• September 29, 2015

Going Predictive in Enterprise Security

Attack, defensive response, attacker adaptation. Rinse, repeat. Up until now, cyber warfare drama has generally followed the same script. The result: Defenders face a cycle of mounting destructiveness.

As threats grow in sophistication and scale, potential damage grows along with them. While organizations deploy more sophisticated solutions, adversaries move rapidly to understand those solutions. They transition to less visible activity patterns using stealthier malicious content, striving to appear indistinguishable from normal traffic. What’s an enterprise to do?

Weaponizing Predictive Analytics

Two years ago, Visa deployed an advanced analytics engine with the capability to analyze as many as 500 aspects of a transaction simultaneously. Visa estimates the technology has identified $2 billion in potential incremental fraud annually. For example, the engine flags transactions of $200 or more that include prepaid cards. Such purchases were included in 85 percent of fraudulent transactions, the company discovered.

Predictive analytics tools such as the Visa engine are an emerging element of successful security strategies. They empower the enterprise to accurately detect, analyze, and respond to the rapidly evolving threat landscape. Yet most organizations don’t utilize predictive analytics tools in their security strategies. Just 8 percent of global firms had adopted these tools to safeguard networks and data by 2014, according to Gartner. The research firm projects that proportion will jump to 25 percent by 2016.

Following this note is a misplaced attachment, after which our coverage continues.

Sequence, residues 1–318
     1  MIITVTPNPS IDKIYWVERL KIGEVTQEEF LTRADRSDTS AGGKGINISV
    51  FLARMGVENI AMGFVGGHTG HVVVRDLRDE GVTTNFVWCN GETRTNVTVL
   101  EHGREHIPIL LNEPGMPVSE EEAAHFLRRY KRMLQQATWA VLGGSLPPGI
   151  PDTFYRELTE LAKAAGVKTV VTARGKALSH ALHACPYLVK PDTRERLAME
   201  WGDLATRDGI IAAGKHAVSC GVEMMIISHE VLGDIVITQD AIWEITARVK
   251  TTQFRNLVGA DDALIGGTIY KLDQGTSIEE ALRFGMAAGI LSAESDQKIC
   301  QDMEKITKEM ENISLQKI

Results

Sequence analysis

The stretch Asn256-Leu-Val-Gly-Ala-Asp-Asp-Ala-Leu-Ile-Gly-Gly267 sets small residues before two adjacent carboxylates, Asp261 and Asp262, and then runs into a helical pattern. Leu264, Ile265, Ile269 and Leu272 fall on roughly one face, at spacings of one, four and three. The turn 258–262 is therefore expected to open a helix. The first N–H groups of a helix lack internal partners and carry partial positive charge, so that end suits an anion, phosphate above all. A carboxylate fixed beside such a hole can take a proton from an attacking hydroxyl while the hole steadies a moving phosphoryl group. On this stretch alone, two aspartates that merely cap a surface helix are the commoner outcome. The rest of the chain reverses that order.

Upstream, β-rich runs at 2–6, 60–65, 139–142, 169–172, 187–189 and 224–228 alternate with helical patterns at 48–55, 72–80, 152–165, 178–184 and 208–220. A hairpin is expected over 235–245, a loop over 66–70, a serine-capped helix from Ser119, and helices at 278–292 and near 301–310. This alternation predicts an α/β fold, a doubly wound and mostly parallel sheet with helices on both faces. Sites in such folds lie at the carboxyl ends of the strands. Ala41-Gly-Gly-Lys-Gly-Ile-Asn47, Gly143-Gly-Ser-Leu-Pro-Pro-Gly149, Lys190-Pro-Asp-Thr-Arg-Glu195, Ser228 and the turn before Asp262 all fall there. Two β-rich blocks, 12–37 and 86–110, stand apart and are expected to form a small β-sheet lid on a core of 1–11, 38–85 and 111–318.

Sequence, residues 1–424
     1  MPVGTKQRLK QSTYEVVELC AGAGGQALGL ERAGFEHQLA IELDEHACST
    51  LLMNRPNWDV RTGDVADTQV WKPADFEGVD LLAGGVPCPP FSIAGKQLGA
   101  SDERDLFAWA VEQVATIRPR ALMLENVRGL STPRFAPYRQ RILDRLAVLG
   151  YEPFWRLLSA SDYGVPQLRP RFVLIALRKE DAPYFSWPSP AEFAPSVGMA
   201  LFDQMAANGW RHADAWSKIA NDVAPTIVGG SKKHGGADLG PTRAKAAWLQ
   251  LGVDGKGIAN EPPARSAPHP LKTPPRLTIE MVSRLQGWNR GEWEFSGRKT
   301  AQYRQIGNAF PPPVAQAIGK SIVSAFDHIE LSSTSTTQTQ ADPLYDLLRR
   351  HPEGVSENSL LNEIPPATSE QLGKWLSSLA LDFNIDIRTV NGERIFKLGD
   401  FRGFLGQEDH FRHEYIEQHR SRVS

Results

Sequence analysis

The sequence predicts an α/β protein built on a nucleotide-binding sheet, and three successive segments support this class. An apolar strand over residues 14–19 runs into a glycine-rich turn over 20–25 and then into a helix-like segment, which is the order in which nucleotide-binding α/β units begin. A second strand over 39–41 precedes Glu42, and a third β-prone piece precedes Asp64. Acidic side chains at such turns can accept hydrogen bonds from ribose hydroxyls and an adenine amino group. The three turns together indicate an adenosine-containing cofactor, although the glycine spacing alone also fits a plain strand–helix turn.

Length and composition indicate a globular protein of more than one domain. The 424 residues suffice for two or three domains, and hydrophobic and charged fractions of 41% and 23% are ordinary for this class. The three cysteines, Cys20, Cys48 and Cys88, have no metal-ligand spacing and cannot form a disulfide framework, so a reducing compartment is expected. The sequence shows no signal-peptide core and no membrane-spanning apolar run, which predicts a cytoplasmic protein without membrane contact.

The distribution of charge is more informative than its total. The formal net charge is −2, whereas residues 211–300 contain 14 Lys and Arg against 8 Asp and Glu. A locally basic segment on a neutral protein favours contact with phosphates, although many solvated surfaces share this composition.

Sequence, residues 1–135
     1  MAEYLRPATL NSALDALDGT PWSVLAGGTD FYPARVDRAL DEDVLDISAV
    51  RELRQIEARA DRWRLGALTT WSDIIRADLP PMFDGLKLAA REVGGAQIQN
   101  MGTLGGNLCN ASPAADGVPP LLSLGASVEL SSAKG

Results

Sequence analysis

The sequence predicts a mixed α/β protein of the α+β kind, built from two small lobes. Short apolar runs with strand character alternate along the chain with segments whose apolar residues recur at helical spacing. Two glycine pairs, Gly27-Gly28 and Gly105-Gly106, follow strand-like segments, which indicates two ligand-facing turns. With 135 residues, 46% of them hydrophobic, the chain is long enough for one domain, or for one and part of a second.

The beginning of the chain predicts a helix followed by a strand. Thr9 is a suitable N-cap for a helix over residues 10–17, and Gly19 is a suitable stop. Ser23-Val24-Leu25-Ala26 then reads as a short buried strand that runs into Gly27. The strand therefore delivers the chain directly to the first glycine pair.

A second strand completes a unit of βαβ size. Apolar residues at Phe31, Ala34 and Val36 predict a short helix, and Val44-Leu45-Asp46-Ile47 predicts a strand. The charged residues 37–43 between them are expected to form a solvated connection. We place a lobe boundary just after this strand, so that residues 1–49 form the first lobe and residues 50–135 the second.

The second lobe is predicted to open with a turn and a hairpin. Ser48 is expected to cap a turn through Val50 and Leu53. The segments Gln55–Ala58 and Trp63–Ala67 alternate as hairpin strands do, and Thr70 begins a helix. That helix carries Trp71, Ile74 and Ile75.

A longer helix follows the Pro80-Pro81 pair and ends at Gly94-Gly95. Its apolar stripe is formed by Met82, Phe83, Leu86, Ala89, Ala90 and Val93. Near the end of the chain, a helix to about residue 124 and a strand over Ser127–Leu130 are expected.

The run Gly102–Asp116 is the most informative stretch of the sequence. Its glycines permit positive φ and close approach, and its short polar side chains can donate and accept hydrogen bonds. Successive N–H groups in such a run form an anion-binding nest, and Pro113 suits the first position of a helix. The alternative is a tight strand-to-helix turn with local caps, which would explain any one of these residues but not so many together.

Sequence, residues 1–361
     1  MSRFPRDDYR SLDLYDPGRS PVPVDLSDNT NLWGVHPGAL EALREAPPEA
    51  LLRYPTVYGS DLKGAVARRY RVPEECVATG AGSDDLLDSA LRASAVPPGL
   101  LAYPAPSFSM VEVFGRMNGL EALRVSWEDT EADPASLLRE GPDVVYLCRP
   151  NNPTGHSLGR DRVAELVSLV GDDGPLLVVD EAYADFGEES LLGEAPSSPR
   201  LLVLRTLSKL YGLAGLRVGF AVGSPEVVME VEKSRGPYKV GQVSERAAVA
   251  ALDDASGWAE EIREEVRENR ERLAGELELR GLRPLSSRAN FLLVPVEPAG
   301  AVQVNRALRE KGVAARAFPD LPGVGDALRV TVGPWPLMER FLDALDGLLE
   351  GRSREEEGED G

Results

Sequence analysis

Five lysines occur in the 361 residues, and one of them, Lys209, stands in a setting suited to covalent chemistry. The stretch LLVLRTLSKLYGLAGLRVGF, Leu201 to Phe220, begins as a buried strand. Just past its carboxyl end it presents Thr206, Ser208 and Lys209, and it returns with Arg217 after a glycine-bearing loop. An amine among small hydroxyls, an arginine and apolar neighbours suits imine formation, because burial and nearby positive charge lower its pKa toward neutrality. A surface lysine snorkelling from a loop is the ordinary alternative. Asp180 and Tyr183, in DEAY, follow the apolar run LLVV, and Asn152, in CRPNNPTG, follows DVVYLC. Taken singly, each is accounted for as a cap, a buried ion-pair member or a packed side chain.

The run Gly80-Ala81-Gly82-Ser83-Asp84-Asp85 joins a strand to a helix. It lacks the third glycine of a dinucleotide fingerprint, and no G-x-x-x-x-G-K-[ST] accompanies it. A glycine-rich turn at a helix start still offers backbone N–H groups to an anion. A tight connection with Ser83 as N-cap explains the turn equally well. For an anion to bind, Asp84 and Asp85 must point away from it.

Over the last few years, attackers have adopted the “advanced persistent threat” strategy to strike networks. They invest time and resources researching targets, accumulating intelligence, and pursuing an arsenal of techniques to obtain trusted access. For example, when hackers breached Target Corporation networks in 2013, they gained entry with stolen credentials from a heating and ventilation contractor enlisted by the retailer. The threat is growing in effectiveness and relentlessness.

Anatomy of Predictive Security Strategies

Predictive security strategies are grounded in the development of an accurate picture of normal enterprise network activity. With this visualization, security teams can assess the standard behaviors of network components such as host servers and users. They can then create models to use as a basis to predict future activity. Modeling and predicting legitimate activity—as opposed to adversarial activity—is a more effective long-term strategy in countering emerging threats.

Why? When integrated with existing security measures, predictive analytics leverages greater accuracy and a heightened capability to discern unusual network activity. Advanced algorithms take in live traffic data from machines, applications, and individual digital footprints, and analyze multiple parameters. Machine learning systems digest and adapt based on what is observed, scanning for emerging dangers and evidence of actual or impending breaches. Anomalies such as unusually large data requests from a single source are flagged and reported. Security teams can then analyze the data and execute measures to improve controls, safeguards, and corrective measures.

As analytics tools evolve, they will include advanced predictive capabilities and automated controls that function in real time. But even the most advanced tools are ineffective unless security is embedded at the heart of enterprise culture and the business.

Like this story? Hear what Enterprise Security Services chief Art Wong has to say about thinking like a bad guy.